Humanities, Technology and Business: What to do with a BA
There exists a popular notion that a Bachelor of Arts degree (or a Liberal Arts degree, depending on which continent you call home) is completely non-essential to the technology industry. In fact, this notion is popular in more than one industry: the notion is often held that Humanities don’t have any reason to be involved in the business at all! But Humanities graduates offer a critical perspective to these spheres; and it’s this perspective – an approach to critical thinking – that could make or break a business.
BAs in Business
One doesn’t have to search far and wide to find that there are many successful people in business and the technology industry who graduated with BAs. To mention just a few, Jack Ma (Alibaba) studied English, Susan Wojcicki (YouTube) studied History and Literature and Brian Chesky (Airbnb) studied Fine Arts (Olejarz 2017). These businesses aren’t flukes; they’re successful for a very specific reason. The people who run them understand their customers and users on a critical level, and exploited unexpected gaps in the market.
It’s not about knowing the right answers, but rather asking the right questions (Olejarz 2017). Because of this, there is a growing trend in the technology industry to attract and hire BA graduates. It seems that critical thinking is an incredibly important part of the success.
Technical knowledge vs. social knowledge
“The technology industry needs individuals who are proficient in their understanding of people in the same way a programmer is proficient in their understanding of Python or C++.”
In very broad terms – because I will not assume all tertiary institutions, qualifications and curricula are exactly the same – studies in technical STEM (Science, Technology, Engineering and Maths) degrees are about learning specific answers and their related questions. For example, a physicist might spend an entire career answering the question “What is the smallest unit of matter?” [Apparently, the answer is a quark (Moskowitz 2012)].
Non-technical studies in Humanities, however, are about learning how to come up with many investigative questions; it’s about being critical of the world around you. It is the study of what the facets of humanity are, was and will be.
Understanding this as a different point of departure in practice, allows one to change perspective. This could lead to breaking barriers in narrow fields in business – barriers that often need to be broken. For example, “Economics tends to ignore three things: culture’s effect on decision making, the usefulness of stories in explaining people’s actions, and ethical considerations. People don’t exist in a vacuum, and treating them as if they do is both reductive and potentially harmful.” (Olejarz 2017).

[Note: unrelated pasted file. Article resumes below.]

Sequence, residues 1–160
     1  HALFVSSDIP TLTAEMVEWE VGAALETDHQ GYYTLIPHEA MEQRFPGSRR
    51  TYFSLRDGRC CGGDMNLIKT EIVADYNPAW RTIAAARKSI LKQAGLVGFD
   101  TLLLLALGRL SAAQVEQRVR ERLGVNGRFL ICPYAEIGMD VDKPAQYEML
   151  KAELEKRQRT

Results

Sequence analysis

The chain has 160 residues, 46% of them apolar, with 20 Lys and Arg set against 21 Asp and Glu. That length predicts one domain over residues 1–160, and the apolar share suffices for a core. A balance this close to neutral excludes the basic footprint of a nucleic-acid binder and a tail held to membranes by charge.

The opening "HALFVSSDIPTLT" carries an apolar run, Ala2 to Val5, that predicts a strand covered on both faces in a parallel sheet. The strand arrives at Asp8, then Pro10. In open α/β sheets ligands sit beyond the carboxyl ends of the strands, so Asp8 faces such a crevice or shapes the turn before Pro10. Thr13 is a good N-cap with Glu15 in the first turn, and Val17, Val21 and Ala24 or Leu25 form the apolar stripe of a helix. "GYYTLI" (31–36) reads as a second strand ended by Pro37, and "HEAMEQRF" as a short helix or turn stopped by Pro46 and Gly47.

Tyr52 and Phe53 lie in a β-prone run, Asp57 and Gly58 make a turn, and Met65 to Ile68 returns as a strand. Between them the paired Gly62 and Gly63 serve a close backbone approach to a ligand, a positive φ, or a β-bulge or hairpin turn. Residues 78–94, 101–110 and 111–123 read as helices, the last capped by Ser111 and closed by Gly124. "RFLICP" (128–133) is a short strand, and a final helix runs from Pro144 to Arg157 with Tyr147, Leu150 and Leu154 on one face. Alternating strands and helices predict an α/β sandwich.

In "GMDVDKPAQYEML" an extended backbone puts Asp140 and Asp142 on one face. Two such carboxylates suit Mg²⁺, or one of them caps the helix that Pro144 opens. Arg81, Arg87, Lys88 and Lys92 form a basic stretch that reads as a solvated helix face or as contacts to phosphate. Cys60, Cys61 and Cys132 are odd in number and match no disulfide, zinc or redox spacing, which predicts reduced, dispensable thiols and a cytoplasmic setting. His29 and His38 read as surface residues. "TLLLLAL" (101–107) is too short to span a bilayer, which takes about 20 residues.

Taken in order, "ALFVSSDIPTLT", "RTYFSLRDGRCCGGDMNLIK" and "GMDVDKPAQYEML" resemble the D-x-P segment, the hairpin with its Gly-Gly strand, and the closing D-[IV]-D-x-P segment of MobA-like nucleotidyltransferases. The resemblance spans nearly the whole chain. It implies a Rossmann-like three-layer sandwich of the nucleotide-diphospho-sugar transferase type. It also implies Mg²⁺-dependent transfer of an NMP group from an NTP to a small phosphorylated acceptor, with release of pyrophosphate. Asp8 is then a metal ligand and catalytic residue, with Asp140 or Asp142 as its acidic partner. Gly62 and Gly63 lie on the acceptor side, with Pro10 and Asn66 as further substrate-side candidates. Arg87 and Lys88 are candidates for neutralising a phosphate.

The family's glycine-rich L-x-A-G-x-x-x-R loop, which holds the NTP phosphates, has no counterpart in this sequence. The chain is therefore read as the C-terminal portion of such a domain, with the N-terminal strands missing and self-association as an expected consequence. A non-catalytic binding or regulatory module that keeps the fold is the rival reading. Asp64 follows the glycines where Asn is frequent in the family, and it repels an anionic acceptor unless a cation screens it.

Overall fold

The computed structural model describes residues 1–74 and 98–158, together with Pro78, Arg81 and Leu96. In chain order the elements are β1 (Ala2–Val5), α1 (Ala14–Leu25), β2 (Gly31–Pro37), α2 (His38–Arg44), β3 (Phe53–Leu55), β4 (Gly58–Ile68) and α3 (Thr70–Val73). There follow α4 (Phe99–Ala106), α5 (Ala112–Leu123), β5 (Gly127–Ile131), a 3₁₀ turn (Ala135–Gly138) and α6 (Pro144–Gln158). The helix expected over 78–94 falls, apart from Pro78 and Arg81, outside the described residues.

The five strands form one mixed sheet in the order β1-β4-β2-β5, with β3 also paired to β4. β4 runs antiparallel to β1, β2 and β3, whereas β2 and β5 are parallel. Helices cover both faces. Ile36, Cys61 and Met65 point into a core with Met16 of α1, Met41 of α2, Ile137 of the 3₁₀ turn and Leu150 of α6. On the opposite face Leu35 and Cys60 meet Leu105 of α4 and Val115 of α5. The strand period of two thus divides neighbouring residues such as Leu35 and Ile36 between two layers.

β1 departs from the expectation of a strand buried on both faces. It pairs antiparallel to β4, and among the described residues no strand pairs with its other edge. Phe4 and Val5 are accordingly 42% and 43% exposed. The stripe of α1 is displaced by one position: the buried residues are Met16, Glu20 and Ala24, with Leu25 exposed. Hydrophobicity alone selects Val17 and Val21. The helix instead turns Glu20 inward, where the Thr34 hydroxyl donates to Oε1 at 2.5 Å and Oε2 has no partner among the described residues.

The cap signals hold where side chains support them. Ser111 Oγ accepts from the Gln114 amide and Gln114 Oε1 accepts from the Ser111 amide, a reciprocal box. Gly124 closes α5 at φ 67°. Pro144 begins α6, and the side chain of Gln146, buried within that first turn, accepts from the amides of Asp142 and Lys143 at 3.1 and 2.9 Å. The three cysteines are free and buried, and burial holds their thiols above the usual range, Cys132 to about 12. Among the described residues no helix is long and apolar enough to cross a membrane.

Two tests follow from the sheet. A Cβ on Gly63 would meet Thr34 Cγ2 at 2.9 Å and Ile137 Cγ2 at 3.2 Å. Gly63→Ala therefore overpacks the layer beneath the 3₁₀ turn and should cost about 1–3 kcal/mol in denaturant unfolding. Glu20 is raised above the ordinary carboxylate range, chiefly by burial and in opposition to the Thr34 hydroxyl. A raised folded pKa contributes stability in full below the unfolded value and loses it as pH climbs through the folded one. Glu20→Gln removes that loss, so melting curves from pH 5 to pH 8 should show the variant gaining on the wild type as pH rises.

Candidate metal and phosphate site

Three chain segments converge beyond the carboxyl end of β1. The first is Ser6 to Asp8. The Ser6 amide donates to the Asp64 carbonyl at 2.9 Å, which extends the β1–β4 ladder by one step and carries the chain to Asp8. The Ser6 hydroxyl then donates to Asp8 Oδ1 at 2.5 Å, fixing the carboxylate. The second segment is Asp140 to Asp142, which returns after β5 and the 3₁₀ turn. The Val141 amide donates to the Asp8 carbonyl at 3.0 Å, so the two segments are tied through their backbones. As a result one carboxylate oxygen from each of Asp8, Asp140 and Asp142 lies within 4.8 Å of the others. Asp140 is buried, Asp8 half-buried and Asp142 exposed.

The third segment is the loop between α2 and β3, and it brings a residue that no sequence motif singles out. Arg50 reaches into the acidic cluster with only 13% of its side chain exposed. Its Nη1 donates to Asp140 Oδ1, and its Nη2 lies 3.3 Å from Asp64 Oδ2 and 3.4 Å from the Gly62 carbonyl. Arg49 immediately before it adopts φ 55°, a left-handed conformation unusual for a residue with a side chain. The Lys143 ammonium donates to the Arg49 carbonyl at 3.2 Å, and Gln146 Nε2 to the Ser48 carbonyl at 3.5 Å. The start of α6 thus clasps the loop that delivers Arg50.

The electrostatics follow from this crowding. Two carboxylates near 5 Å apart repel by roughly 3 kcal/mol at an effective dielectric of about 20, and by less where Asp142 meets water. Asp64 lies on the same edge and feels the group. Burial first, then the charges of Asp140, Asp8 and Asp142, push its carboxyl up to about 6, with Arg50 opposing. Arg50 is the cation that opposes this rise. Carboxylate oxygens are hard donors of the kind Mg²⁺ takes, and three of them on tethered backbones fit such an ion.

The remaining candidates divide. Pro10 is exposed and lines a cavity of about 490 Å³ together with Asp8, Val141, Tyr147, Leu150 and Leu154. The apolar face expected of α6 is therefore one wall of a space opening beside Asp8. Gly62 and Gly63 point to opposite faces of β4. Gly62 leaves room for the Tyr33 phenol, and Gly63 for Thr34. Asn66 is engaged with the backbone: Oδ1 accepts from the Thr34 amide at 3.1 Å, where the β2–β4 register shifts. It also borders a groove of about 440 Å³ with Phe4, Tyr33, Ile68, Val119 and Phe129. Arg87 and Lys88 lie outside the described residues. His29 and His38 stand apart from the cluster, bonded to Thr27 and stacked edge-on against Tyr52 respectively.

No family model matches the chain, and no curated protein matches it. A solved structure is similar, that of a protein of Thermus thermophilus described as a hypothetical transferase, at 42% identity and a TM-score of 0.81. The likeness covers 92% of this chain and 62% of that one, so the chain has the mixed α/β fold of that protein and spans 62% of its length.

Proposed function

All of us have certainly encountered a piece of software that, in the description, sounded fantastic, but was unfortunately difficult to use, too complicated or time-consuming. Bringing that piece of software ‘closer’ to the user is exactly what a BA graduate could assist in doing.
The technology industry needs individuals who are proficient in their understanding of people in the same way a programmer is proficient in their understanding of Python or C++. In this way, Humanities graduates can make ‘progress seem pleasant’ (Anders 2015) to the customer or user. What this is, is a symbiotic relationship between seemingly non-adjacent professions (Anders 2015, Slack).
Its proof that having technical knowledge is not the only value someone can bring to a business. Critical thinking, understanding social dynamics, being able to positively relate to people, and following processes is also incredibly valuable.
This idea that those with an undergraduate degree in literature, philosophy or something similar really should have nothing to do with enterprise or innovation is unfounded. Humanities graduates clearly have much more to offer the technology industry and business in general. There is enormous potential in making sure that BA graduates work side-by-side with their technical counterparts, developers and programmers to exploit those previously unseen gaps in the market. And to those undergraduates out there – like yours truly – keep carrying on, there is definitely a need for your perspective once you graduate.
Olejarz, J. M. 2017. Liberal Arts in the Digital Age. Harvard Business Review
Anders, G. 2015. That ‘Useless’ Liberal Arts Degree Has Become Tech’s Hottest Ticket. Forbes.
Moskowitz, C. 2012. What is the Smallest Thing in the Universe? Live Science.
Author: Simon Pienaar